By default, pacemaker won't hesitate to move a running resource to a node with a higher store. To tell pacemaker to not move a healthy resource, we change the resource-stickiness property from the default (0) to 500 (pcs resource defaults resource-stickiness=500). With all that, our failover domains from rgmanager can be achieved as location constraints in pacemaker as follows

For a resource that can run anywhere but has a first and second choice (and should not fallback to the preferred node)
  • Set the score of the preferred node to 200
    pcs constraint location cesronl prefers cesr101-p16=200
  • Set the score of the second choices to 100
    pcs constraint location cesronl prefers cesr102-p16=100

For a resource that can run anywhere but should fallback to the preferred node
  • Set the score of the preferred node to INFINITY
    pcs constraint location cesroff prefers cesr102-p16=INFINITY

For a resource that should not run on a specific node
  • set the score of the nodes to avoid to -INFINITY
    pcs constraint location cesroff avoids cesr101-p16=INFNINITY

For more, please see http://clusterlabs.org/doc/en-US/Pacemaker/1.1-plugin/html/Clusters_from_Scratch/_prevent_resources_from_moving_after_recovery.html

Utilization and placement strategy

If desired, you can allow pacemaker to place resources based on the utilization of each node - taking into consideration (optional) utilization capacities assigned to resources. For more, please see https://access.redhat.com/documentation/en-us/red_hat_enterprise_linux/7/html/high_availability_add-on_reference/s1-utilization-haar

Resource creation and organization

  • Anything that requires a cron job (as opposed to a regularly executing command using the monitor action) or email notification (using the MailTo resource agent) should be grouped into a resource group.
  • All resources within a resource group should be named resourcegroupname-blah, where resourcegroupname is the name of the resource group and blah is a description of the resource.
  • Notifications on resource changes should be managed by making a MailTo RA the last resource agent in that group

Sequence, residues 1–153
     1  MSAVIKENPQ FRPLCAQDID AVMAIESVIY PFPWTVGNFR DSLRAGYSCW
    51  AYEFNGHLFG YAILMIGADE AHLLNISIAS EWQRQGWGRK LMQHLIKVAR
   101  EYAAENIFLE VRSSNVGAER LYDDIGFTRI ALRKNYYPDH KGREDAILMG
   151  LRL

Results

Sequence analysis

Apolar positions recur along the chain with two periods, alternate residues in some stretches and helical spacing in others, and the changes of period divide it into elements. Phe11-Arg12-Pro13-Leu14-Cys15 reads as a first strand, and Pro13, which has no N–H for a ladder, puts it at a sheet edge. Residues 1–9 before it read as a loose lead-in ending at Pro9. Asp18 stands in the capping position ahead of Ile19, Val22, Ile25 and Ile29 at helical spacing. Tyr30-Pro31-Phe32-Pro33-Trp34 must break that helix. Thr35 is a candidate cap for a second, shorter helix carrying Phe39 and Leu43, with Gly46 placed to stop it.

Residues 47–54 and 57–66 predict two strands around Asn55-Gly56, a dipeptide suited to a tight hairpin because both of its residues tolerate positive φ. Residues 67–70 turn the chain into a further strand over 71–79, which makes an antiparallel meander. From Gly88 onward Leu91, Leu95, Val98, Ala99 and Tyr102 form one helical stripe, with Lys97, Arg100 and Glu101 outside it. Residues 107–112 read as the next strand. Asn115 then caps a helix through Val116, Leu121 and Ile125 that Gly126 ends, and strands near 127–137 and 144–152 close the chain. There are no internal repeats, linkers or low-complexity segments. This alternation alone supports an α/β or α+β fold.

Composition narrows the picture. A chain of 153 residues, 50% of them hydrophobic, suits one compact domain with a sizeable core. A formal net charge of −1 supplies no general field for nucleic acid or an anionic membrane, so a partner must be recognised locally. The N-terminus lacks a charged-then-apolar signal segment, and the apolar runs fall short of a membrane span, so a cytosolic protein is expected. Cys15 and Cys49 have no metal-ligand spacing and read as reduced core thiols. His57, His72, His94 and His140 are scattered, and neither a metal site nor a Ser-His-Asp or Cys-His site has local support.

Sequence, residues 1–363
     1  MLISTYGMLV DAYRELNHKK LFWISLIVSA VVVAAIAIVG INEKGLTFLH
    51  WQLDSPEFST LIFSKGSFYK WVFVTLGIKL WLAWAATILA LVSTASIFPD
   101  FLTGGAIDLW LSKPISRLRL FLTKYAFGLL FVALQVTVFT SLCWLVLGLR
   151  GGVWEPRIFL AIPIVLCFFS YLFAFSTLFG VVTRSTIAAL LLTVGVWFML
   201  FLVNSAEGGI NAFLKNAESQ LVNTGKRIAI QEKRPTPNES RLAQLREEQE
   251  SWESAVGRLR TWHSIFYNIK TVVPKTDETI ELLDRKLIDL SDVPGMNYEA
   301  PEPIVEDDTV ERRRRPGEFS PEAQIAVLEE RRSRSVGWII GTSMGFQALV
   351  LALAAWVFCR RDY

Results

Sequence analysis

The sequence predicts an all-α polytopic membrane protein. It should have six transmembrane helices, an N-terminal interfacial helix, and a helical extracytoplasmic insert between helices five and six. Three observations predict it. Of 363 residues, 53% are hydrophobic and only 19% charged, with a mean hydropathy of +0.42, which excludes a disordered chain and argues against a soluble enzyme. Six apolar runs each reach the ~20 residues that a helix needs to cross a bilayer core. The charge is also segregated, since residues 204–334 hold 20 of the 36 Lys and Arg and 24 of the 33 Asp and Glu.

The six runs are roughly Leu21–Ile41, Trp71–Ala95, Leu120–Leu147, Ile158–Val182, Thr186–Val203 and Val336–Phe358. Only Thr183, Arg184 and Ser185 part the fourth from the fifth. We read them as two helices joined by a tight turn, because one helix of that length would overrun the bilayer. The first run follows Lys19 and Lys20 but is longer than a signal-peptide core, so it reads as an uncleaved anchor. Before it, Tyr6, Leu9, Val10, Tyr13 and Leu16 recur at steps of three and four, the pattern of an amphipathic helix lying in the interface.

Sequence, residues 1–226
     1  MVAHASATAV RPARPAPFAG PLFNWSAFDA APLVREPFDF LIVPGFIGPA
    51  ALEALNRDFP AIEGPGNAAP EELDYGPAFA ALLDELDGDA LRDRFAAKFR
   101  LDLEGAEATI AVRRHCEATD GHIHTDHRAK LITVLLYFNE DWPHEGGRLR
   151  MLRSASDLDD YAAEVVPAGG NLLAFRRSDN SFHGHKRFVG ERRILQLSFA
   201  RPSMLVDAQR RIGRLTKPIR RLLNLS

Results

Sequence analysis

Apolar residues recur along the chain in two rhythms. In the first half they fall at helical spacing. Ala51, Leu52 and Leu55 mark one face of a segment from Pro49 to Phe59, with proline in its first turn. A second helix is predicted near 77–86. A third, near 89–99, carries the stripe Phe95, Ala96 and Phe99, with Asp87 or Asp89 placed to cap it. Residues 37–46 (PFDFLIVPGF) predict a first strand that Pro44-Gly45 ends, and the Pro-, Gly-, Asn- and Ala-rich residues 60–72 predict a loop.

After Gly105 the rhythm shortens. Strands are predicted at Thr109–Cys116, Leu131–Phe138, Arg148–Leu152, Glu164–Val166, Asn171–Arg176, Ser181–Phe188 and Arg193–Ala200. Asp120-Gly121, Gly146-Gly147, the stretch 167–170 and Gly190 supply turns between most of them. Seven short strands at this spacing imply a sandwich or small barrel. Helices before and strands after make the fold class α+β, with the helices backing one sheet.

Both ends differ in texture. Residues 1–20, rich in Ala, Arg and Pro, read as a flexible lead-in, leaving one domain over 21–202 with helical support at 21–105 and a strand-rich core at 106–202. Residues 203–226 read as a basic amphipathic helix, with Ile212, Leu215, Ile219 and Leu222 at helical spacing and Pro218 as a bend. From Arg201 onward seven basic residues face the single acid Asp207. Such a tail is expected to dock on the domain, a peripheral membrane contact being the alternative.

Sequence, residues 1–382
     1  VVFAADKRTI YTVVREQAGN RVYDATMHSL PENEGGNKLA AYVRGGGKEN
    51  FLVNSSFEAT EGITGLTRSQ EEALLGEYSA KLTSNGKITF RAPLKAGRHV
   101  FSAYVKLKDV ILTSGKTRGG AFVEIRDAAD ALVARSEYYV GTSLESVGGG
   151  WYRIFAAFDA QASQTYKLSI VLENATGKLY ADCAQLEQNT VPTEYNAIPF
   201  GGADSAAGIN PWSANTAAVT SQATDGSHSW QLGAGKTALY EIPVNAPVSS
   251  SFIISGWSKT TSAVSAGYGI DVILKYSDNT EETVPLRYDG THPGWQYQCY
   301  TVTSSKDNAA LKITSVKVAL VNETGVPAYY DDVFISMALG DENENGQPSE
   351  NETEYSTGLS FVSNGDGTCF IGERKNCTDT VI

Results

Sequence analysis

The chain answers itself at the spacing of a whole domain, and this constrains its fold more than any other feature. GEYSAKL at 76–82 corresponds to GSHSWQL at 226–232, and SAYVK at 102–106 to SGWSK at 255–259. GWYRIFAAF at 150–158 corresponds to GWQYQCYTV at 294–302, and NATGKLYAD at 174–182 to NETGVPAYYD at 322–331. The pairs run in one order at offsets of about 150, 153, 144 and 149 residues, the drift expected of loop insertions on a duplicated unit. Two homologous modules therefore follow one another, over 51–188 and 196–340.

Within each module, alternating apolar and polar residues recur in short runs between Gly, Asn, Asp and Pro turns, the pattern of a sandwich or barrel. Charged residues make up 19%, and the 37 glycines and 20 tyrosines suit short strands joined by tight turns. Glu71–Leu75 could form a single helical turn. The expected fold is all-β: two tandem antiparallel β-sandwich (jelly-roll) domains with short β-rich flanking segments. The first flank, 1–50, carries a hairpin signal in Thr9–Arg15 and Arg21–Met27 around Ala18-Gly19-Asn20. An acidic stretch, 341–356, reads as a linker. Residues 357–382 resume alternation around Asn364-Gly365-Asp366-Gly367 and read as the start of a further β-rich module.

• All sl6 services have been recreated as resource groups in pacemaker.
  • Any static files (configs, scripts, etc.) in /hac are managed by puppet and should be edited in lnxpup:/mnt/puppet/configs/ .
  • /hac/services/${servicename} is the chroot for each resource group
  • All log files should be local in /hac/services/${servicename}/var/log/
    • some are managed by the resource agent and may be in /var/log
  • All pid files should be local in /hac/services/${servicename}/var/run/
    • some are managed by the resource agent and may be in /var/run or /var/run/cluster
  • All lock files should be local in /hac/services/${servicename}/var/lock/subsys/
    • some may be in /var/lock/subsys
  • All state information is in a file system bound to that service. For example, yp3:/mnt/yp3

Creating and testing new resource agents

  1. create new resource agent in /usr/lib/ocf/resources.d/test/new_agent
  2. test using pcs resource describe ocf:test:new_agent
  3. create new resource using this agent using something like pcs resource create new_service ocf:test:new_agent --disabled op stop timeout=60 on-fail=block
  4. test new resource using:
    • pcs resource debug-start new_service
    • pcs resource debug-monitor new_service
    • pcs resource debug-stop new_service
  5. once all of the above return successfully, manually propagate new_agent to each cluster member
  6. give the cluster control of the new service using pcs resource enable new_service
  7. when ready for production, ask cmpgrp to manage and propagate new_agent using puppet.
  8. once in production, recreate new_service using ocf:classe:new_agent instead of ocf:test:new_agent


Resource Failures

cesradmin members will receive emails when resources fail. These failures will also appear in the output of "pcs status". A general workflow for debugging and dealing with these failures is:
  1. log into the cluster, and execute "pcs status" to determine if recovery was successful or if the resource is failed.
  2. If it's running, execute "pcs resource cleanup <resource_name>" to cleanup the output of "pcs status"
  3. If it's failed, proceed with:
    1. "pcs resource disable <resource_name>"
    2. "pcs resource cleanup <resource_name>"
    3. "pcs resource enable <resource_name>"
  4. If it's still failing, proceed with:
    1. "pcs resource disable <resource_name>"
    2. "pcs resource cleanup <resource_name>"
    3. "pcs resource debug-start <resource_name>"
    4. pcs resource debug-monitor <resource_name>
    5. pcs resource debug-stop <resource_name>
    6. Once all of the above are successful,"pcs resource enable <resource_name>"
  5. If the service's logs aren't instructive enough, check teh following in order of verbosity (lowest to highest)
    1. /var/log/messages on the server that saw failures
    2. /var/log/pacemaker.log on the server that saw failures
    3. /var/log/messages on the DC (determined using "pcs cluster status" or "pcs status"
    4. /var/log/pacemaker.log on the DC

Pacemaker Log Files

All pacemaker logs will be in /var/log/pacemaker.log, with a subset of these logs will be in /var/log/messages .

For the most complete logs, see the "master" node, known in pacemaker as the DC (Designated Co-ordinator). "pcs status" or "pcs cluster status" will show you which node is the current DC.
Topic revision: r9 - 10 Aug 2021, MichaelRyan